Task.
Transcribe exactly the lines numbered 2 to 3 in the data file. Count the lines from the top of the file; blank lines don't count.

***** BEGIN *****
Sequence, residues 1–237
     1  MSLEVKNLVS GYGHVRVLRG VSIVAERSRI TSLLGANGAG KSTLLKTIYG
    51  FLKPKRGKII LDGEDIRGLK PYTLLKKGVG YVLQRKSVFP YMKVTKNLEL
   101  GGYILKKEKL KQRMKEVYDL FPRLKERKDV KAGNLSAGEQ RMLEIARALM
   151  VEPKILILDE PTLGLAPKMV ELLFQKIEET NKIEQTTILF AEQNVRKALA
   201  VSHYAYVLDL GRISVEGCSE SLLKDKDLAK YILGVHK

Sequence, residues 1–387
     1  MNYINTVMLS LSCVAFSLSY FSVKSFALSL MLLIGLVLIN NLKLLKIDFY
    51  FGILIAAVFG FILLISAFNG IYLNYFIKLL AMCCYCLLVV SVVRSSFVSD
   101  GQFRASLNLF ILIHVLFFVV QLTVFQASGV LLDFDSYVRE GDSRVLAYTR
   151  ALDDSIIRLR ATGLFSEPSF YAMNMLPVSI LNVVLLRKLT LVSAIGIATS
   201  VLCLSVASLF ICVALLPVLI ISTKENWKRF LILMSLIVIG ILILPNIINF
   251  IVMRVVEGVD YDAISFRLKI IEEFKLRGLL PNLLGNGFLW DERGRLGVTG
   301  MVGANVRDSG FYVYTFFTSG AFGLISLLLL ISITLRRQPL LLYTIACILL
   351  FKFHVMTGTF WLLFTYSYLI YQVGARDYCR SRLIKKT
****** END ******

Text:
     1  MSLEVKNLVS GYGHVRVLRG VSIVAERSRI TSLLGANGAG KSTLLKTIYG
    51  FLKPKRGKII LDGEDIRGLK PYTLLKKGVG YVLQRKSVFP YMKVTKNLEL